Slides in this set

Slide 1

Preview of page 1

Unit 2 Module 1
Cellular Control…read more

Slide 2

Preview of page 2

1. How DNA codes for proteins
A gene is a length of DNA that codes for one (or
more) polypeptides.
In the human genome, there are about 25000 genes.
Each gene occupies a specific locus on a
Genes code for enzymes, they are involved in the
control of all metabolic pathways and thus in
synthesis of all non-protein molecules found in
the cells.…read more

Slide 3

Preview of page 3

The Genetic Code
- It is a triplet code ( a sequence of three
nucleotide bases) for an amino acid.
- It is a degenerate code (all amino acids have
more than one code.)
- Some codes don't correspond to an amino
acid, but indicate `stop',
- It is widespread, but not universal.…read more

Slide 4

Preview of page 4

How the nucleotide sequence code for the
amino acid sequence in a polypeptide.
Transcription- the first stage of protein synthesis.
· To be transcribed, a gene has to unwind and unzip
(hydrogen bonds between bases break as the gene dips
into the nucleolus).
· Activated RNA nucleotides bind to complementary bases
on the template strand (catalysed by the enzyme RNA
· The two extra phosphates are released, releasing energy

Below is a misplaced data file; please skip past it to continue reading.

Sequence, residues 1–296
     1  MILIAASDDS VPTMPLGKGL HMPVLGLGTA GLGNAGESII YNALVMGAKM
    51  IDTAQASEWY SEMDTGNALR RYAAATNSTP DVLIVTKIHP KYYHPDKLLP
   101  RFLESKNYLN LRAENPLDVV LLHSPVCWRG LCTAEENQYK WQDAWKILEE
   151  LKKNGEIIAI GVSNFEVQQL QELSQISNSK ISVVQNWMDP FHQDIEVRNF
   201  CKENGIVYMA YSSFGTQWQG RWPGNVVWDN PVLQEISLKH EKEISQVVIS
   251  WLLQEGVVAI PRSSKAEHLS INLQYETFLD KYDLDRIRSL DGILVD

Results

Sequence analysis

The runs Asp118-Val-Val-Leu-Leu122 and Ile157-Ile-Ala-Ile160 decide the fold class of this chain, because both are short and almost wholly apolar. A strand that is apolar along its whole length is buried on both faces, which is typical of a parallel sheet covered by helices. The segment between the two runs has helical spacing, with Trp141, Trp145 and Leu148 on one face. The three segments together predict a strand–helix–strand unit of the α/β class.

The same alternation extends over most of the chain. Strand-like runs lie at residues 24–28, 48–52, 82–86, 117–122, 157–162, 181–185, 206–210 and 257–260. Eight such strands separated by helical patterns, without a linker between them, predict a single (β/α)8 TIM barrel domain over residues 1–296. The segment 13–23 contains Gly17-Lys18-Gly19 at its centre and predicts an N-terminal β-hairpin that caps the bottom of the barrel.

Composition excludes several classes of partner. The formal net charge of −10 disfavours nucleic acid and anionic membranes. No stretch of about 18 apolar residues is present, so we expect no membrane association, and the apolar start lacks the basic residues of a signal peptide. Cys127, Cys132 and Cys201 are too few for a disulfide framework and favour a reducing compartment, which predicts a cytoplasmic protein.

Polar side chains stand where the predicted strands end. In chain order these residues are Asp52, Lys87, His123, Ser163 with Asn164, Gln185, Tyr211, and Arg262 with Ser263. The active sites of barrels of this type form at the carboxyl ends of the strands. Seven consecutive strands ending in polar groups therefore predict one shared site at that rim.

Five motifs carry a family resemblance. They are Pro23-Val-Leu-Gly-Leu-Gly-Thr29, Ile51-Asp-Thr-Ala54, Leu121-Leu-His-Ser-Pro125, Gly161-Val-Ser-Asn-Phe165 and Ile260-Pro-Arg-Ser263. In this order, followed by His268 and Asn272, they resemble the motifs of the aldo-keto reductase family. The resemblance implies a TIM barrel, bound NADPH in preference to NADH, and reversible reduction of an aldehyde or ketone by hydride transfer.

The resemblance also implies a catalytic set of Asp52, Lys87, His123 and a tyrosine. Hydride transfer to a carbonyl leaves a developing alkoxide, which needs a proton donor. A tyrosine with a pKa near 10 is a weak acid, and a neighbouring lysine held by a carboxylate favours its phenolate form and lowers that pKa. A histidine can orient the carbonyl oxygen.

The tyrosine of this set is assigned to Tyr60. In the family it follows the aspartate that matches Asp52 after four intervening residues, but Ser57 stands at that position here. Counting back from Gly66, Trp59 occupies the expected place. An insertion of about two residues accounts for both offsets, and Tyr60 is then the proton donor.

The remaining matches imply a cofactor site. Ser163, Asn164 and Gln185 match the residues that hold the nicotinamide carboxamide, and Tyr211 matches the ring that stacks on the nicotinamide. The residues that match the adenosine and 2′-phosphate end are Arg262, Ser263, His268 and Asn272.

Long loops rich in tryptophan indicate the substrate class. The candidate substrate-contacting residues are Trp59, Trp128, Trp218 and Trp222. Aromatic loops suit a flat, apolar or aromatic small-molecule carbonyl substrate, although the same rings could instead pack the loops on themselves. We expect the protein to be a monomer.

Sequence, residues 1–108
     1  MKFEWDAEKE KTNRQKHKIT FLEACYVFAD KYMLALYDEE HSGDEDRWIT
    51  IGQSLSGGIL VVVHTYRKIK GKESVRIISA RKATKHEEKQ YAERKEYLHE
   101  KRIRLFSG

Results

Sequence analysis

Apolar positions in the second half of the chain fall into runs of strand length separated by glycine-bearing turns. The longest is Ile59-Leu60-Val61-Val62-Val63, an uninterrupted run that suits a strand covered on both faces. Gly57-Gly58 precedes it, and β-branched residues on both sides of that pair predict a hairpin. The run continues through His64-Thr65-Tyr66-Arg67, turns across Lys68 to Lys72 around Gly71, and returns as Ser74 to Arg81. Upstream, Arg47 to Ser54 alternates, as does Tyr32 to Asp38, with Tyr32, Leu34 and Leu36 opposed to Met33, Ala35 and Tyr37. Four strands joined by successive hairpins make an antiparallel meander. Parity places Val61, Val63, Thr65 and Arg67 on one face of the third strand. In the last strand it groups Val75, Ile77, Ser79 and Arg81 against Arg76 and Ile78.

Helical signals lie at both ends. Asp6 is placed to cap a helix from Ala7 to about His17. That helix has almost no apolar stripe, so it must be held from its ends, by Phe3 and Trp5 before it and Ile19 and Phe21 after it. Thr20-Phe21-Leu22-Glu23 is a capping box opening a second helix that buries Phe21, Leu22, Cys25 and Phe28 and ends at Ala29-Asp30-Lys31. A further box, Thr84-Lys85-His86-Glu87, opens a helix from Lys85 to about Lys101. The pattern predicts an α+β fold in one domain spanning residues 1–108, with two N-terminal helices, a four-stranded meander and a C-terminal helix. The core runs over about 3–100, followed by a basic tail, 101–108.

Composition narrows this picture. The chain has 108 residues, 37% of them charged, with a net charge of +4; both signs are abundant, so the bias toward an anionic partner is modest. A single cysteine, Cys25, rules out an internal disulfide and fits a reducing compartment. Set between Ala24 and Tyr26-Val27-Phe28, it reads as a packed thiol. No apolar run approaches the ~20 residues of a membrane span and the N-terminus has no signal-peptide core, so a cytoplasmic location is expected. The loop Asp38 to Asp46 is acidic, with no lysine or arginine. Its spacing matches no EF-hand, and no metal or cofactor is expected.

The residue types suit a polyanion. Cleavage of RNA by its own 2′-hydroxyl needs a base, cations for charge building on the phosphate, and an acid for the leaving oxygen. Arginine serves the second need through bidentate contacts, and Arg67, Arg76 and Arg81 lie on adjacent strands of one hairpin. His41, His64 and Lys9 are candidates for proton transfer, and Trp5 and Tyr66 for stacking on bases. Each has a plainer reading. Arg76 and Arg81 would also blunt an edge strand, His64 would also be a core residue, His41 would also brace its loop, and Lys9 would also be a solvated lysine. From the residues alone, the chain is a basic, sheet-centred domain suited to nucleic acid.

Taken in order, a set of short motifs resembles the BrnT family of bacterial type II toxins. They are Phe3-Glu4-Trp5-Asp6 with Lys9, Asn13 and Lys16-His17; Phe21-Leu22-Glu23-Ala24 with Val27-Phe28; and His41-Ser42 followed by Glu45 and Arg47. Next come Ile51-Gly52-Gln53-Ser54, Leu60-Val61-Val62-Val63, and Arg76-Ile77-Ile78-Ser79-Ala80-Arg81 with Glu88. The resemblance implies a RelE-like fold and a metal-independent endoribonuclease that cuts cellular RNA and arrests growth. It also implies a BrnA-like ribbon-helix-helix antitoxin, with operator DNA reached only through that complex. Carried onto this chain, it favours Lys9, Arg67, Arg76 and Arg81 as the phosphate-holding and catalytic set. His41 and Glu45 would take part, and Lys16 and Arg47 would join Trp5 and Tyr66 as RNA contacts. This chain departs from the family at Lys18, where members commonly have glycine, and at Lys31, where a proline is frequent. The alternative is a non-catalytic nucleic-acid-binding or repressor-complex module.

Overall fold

for bonding adjacent nucleotides.
· The mRNA produced is complementary to that on the
template strand and is therefore a copy of the base
sequence on the coding strand of the length of the DNA.
· The mRNA is released from the DNA and passes out of the
nucleus, through a nuclear pore, to a ribosome.…read more

Slide 5

Preview of page 5

2. Translation
`The assembly of polypeptides at ribosomes'
· The second stage of protein synthesis, when the
amino acids are assembled into a polypeptide.
· They are assembled into the sequence dictated by
the sequence of codons on the mRNA.
· The genetic code, copied from DNA to mRNA, is
now translated into a sequence of amino acids.
This is a polypeptide.
· It happens in ribosomes, which may be free in the
cytoplasm but many are bound to the rough
endoplasmic reticulum.…read more

Slide 6

Preview of page 6

- Assembled in the nucleolus of eukaryote cells, from
ribosomal RNA and protein.
- There is a groove in which the length of mRNA can fit.
The ribosome then moves along he mRNA, reading the
code and assembling the amino acids.
The sequence of amino acids;
- forms the primary structure of a protein
- primary structure determines the tertiary structure,
allowing it to fold up into the 3d shape.
- tertiary structure is what allows a protein to function.…read more

Slide 7

Preview of page 7
Preview of page 7

Slide 8

Preview of page 8
Preview of page 8

Slide 9

Preview of page 9
Preview of page 9

Slide 10

Preview of page 10


No comments have yet been made

Similar Biology resources:

See all Biology resources »